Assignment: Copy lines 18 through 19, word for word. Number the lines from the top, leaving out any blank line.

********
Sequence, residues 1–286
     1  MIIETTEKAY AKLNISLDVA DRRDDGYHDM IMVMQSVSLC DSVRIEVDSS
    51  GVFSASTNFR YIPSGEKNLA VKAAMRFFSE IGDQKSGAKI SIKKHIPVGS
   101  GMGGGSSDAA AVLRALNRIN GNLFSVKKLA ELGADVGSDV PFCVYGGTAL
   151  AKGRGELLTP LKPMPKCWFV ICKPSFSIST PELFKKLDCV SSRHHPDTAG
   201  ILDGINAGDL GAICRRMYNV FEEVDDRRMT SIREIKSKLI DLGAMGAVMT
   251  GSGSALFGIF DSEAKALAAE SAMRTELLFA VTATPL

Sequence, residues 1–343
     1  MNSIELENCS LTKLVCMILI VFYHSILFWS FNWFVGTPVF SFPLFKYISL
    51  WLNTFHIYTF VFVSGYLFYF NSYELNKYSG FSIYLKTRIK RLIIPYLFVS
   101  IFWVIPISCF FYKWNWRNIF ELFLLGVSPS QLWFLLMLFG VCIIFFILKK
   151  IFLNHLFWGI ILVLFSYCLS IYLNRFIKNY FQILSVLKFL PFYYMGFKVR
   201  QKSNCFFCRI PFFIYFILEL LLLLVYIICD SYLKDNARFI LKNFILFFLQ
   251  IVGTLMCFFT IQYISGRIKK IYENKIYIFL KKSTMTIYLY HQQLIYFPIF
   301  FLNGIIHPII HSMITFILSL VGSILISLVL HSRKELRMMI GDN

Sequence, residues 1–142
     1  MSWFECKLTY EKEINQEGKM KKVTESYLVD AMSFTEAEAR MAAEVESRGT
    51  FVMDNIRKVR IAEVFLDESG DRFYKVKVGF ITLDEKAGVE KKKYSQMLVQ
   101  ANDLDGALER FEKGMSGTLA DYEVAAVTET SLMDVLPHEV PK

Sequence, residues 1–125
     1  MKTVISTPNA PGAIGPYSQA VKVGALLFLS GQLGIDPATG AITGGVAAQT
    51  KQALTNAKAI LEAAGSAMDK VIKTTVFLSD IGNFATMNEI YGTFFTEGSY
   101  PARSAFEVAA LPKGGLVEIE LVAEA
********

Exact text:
    51  FVMDNIRKVR IAEVFLDESG DRFYKVKVGF ITLDEKAGVE KKKYSQMLVQ
   101  ANDLDGALER FEKGMSGTLA DYEVAAVTET SLMDVLPHEV PK